Some characters are much easier to assign to being good or bad, and among them are the late Walder Frey and Ramsay Bolton. These are two of the more despicable villains from the show and both characters met their end to the delight of viewers around the globe in season six. Frey is a truly disgusting man who does not seem to have any saving graces, having plotted the murder of several main characters at the ‘Red Wedding’ including Robb and Catelyn Stark, as well as Talisa Stark and her unborn child (though only in the show). This would normally quash any thoughts of people being sorry to see him go, but the performance of David Bradley in the role, as well as the manner in which Frey was killed, made me at least a little bit sorrowful. The way Bradley pulled off the disgusting character made me enjoy his scenes to some extent, despite the horrible events which were almost always taking place around him. And does anybody – yes, even Walder Frey – really deserve to have their throat cut after being fed a pie filled with the remains of their own children? This made me slightly sympathetic towards the man whose death I have longed for since the ‘Red Wedding, but at least I can console myself in that, if anyone deserves to die like that, it is most definitely Walder Frey.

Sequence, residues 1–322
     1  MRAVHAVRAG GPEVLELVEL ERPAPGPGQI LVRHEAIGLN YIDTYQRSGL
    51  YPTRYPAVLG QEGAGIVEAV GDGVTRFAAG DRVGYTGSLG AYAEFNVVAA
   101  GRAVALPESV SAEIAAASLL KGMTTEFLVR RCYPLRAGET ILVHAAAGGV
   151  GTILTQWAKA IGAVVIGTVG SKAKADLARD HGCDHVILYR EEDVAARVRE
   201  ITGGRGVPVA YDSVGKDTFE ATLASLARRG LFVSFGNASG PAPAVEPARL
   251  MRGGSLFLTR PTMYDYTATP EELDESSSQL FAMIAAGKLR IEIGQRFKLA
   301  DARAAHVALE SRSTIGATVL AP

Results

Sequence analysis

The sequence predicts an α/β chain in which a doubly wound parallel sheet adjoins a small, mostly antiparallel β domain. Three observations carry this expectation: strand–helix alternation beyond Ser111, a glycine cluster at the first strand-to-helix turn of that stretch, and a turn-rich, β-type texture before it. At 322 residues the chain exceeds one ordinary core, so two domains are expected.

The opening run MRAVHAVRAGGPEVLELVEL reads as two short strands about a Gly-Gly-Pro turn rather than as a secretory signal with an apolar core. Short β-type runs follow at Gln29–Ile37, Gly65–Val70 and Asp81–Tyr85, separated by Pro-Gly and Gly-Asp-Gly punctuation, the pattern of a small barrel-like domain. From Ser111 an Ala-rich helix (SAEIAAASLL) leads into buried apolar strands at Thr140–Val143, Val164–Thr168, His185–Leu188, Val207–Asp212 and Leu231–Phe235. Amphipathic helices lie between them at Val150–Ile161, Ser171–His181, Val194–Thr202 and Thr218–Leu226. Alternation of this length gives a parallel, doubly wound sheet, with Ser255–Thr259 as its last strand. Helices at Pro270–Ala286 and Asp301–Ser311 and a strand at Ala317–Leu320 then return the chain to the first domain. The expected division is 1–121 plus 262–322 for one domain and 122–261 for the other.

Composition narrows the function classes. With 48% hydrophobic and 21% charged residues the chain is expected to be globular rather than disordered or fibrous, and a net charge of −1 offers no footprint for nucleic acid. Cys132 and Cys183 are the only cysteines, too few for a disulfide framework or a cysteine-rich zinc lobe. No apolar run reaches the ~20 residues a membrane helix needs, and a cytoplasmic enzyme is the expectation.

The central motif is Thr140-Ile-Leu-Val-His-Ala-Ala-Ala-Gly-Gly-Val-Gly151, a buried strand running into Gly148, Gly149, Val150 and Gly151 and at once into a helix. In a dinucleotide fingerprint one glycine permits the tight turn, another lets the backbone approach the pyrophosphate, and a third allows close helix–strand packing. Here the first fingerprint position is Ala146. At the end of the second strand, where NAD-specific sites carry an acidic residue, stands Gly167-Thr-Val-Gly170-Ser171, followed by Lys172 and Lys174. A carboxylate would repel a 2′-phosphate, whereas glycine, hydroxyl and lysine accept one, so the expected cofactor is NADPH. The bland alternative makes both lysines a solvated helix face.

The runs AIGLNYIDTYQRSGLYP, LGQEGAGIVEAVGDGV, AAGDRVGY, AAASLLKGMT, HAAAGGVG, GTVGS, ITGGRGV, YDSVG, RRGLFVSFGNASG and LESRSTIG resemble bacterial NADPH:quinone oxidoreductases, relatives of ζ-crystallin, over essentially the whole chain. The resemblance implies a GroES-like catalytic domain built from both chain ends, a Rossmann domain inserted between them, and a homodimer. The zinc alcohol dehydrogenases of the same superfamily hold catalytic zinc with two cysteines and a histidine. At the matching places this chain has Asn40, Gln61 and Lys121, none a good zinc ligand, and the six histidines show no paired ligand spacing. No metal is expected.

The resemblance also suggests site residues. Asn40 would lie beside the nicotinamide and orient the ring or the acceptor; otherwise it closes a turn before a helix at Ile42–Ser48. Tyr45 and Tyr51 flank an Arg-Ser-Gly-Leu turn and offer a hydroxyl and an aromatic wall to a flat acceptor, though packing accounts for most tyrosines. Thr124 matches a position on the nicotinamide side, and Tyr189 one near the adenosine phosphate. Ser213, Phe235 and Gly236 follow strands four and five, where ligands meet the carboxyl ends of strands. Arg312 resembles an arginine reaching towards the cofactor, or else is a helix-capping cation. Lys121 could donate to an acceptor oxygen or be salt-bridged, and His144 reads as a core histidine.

Bolton is another who I did not expect to feel any sympathy for after he repeatedly tortured Theon Greyjoy for several years, reducing him to a state where he was scared of his own shadow and went by the name of ‘Reek’, and raped Sansa Stark. He also had an unnatural attraction to killing, and the youngest Stark child, the inhabitants of Winterfell, and even his own father were all victims of Ramsay’s psychopathy. But when Bolton met his end, it was not nearly as satisfying as I was expecting. He was almost beaten to death by Jon Snow’s bare hands before Sansa got her revenge by setting Ramsay’s own hunting hounds onto him to finish him off. The rather graphic way in which Bolton was killed saw his face being ripped apart by a dog before the final shot of the episode was of Sansa walking away with a smirk on her face. Similar to Walder Frey’s scenes, I enjoyed the scenes with Iwan Rheon as his mad demeanour added a somewhat lighter tone to the dark issues being dealt with in the programme. This shows that even the villains can be likeable in their own twisted way. Or that I’m just an awful person.